Fresh off his directorial duties for the warmly-received D.C. premiere of the play, “Veils,” Courtney Baker-Oliver, co-founder of Restoration Stage, Inc., brings a production replete with “teachable moments” to the auditorium of Suitland High in District Heights for two shows, Nov. 21 and 22, with the curtain rising both evenings at 7 p.m.
The play, “The Laramie Project,” while far afield of the more Afrocentric-themed, originally-written works produced by Restoration Stage to which theater enthusiasts in the Greater Washington Area have grown familiar and supported, shares scenes from the life of a bold college student in rural Wyoming, 1998 — victimized, beaten and left to die simply because of his sexual identity.
Matthew Shephard, on whose life and murder the play’s based, lost his life because he stood boldly and openly gay in a case that remains one of nation’s most unforgettable examples of hate crimes against gays and led to demands for legislation which now guarantees their protection and equality under the law.
Still, as the production’s opening approached, a once-barely audible buzz has allegedly grown louder voiced by some parents, educators and activists uncomfortable with if not opposed to the play, given its controversial theme and issues.
However, when juxtaposed against the rash of recent and disturbing assaults and murders in the District targeting the LGBTQ community, the play brings another opportunity for sorely-needed awareness and education so that America’s “and justice for all” mantra rests in reality — not held captive in the rhetorical realm.
The Roots of ‘Laramie Project’
“The Laramie Project” serves as a documentary-style play by Moises Kaufman and members of Tectonic Theater Project, an experimental company whose work often touched on social themes. For the production, the Tectonic Theater Project traveled from New York to Laramie just four weeks after Shepard’s death. There, they interviewed dozens of townspeople, collecting a wide array of different perspectives on the crime. The dialogue and monologues that comprise “The Laramie Project” would be taken from those interviews, along with news reports, courtroom transcripts and journal entries.
In 2009, Congress passed the Matthew Shepard and James Byrd Jr. Hate Crimes Prevention Act, a piece of legislation that strengthens existing hate crime laws. Since first produced in 2000, “The Laramie Project” has become a popular work of theater, often used in schools to teach tolerance and inclusivity. The playwright would later write a sequel dealing with the legacy of the Shepard murder, 10 years later.
Director’s Musings: Lessons Gleaned from Laramie
The play’s director says he vividly recalls how responses and outrage about Shephard’s death soon dominated conversations on Howard’s campus — his temporary home as he completed requirements for his degree in his stead as a student teacher at Duke Ellington School of the Arts in the District.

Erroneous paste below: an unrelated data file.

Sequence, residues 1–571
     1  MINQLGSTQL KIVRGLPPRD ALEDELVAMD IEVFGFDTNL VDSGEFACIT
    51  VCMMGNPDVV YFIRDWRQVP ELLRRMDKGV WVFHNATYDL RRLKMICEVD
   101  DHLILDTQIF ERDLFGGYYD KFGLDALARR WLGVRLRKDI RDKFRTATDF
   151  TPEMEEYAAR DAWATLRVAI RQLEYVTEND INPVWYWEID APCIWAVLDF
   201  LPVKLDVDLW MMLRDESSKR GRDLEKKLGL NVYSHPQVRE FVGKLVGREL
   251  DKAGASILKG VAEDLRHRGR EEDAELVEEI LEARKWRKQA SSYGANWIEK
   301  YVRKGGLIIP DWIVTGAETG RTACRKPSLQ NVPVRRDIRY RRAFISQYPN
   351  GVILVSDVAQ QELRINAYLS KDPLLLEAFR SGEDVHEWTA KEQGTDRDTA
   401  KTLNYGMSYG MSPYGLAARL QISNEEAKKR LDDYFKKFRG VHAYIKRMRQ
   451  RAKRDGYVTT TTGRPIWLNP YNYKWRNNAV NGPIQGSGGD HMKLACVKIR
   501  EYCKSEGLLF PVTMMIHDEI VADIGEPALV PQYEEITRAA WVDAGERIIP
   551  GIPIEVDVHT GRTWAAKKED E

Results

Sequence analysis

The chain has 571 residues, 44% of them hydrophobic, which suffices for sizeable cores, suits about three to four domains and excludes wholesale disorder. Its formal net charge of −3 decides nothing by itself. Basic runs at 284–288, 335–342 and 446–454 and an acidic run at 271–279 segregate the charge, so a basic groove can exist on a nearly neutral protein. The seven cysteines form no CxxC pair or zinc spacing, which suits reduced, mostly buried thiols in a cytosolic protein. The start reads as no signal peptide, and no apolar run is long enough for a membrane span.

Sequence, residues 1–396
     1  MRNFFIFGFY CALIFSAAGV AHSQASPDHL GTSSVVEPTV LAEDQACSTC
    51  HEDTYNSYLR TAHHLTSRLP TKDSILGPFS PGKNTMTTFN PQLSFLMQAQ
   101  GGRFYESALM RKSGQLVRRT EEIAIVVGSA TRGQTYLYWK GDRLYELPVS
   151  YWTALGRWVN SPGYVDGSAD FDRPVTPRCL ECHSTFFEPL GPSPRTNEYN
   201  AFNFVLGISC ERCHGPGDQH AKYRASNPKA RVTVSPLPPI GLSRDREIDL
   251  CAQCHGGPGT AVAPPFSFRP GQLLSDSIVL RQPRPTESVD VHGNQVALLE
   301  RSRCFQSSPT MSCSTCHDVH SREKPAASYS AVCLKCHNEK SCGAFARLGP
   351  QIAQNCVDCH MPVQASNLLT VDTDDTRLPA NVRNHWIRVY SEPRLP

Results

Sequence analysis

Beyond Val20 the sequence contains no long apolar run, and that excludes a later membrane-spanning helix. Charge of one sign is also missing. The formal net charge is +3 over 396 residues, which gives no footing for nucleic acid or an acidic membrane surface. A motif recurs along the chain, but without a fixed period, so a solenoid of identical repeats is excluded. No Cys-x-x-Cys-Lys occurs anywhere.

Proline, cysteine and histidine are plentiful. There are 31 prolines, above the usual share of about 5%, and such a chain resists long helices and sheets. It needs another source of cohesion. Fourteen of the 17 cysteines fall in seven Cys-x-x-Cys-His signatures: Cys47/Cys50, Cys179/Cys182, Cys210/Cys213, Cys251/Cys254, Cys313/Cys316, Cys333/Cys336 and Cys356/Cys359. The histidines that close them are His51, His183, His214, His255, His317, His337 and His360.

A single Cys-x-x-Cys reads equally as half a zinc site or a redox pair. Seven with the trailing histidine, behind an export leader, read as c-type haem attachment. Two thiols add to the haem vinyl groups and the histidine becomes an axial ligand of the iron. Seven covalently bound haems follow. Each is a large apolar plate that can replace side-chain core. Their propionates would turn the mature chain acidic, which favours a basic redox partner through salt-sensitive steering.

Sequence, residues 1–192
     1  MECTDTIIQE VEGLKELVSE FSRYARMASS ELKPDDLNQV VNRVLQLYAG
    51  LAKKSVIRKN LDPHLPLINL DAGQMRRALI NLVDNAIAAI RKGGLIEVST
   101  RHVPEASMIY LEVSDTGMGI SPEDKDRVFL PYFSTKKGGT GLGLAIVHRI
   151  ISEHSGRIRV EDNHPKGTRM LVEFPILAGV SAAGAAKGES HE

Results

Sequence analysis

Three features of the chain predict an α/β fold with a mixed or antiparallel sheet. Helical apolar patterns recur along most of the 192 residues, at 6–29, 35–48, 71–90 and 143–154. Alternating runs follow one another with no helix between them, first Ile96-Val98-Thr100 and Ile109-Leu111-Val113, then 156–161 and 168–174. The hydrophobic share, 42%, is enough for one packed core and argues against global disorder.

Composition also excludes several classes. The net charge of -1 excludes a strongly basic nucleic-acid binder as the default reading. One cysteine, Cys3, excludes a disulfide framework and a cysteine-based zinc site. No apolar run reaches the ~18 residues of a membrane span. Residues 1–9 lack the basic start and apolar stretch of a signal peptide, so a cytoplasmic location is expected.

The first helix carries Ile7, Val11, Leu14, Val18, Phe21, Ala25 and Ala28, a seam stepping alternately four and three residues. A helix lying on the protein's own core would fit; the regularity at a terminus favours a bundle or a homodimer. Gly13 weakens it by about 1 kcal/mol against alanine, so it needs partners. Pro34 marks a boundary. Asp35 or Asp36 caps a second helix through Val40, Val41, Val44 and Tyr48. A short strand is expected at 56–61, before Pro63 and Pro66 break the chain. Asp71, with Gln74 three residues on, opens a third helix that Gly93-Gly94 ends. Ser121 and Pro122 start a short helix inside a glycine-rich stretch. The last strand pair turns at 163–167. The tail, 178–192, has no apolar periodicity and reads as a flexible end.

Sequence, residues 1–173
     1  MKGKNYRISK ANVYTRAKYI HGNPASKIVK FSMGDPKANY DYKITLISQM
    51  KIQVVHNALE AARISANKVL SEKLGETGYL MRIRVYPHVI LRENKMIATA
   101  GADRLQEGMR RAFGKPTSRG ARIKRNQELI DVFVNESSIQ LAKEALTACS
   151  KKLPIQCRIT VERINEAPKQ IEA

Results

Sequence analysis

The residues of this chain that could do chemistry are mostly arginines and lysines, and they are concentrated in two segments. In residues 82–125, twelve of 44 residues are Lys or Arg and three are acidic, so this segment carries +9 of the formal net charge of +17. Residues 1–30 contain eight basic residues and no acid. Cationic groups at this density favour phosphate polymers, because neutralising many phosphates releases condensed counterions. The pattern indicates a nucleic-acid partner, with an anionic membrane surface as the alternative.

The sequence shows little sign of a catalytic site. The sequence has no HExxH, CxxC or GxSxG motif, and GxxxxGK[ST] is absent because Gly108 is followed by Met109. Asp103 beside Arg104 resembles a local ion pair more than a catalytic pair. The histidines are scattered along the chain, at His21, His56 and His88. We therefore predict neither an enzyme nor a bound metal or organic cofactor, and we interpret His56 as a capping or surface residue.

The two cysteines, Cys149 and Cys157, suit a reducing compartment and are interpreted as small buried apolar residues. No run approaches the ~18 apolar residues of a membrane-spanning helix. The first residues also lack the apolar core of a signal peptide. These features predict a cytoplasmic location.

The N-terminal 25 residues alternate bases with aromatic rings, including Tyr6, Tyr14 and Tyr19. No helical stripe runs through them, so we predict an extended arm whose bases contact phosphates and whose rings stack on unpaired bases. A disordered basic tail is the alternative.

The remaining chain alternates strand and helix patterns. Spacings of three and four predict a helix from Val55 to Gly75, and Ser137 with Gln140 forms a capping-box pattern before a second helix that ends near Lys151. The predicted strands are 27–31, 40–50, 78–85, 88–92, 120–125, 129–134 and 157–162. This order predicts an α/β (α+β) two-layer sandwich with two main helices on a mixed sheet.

“I was accustomed to hearing [my colleagues] discuss the latest innovation in various fields or the famous person with whom they’d had dinner the night before — even analyzing the progress of their favorite author’s latest novel,” Baker-Oliver said. “But something fundamental shifted that fall when word of the Shepherd case went viral. It was all they could talk about.”
Perhaps it was the school’s diverse student population or the diversity of the larger community of artists from which the staff at Ellington had emerged but the attack on Matt Shepherd felt personal to us. And everyone was asking the same question: “how would we keep our students safe?”
As Baker-Oliver acknowledges, today’s youth live in an era where the acceptance of differences and diversity within the American landscape have morphed from a seat of absurdity if not, in some instances illegal, to being so commonplace that all Americans, differences notwithstanding, confidently assume that one’s safety and equal treatment under the law can now be expected.
“Playwright Moises Kaufman wrote, ‘there are moments in history when an event brings various ideologies and beliefs prevailing in a culture into sharp focus. The brutal murder of Matthew Shepherd was an event of this kind which brought to the surface how we think about privileges and rights and the difference between tolerance and acceptance,’” Baker-Oliver said.
“Kaufman was right. Matthew’s murder was a moment. And like the racially-motivated murder of Emmett Till a half-century earlier, it must be recognized as a reminder of the high price we all pay when we chose to hate what we do not understand rather than accept the differences between us with grace.”
“There is much more work to do but it is my fervent hope that this production challenges each of us to assess how we show up in an ever-broadening world inclusive of diverse perspectives — even those in which we do not personally believe.”
“Matthew Shepherd died because of intolerance. No one else should have to,” he said.
“The Laramie Project” can be seen Nov. 21 and 22 at 7 p.m. for both performances. Tickets can be purchased at the door, Suitland High School Auditorium, 5200 Silver Hill Road, District Heights, MD.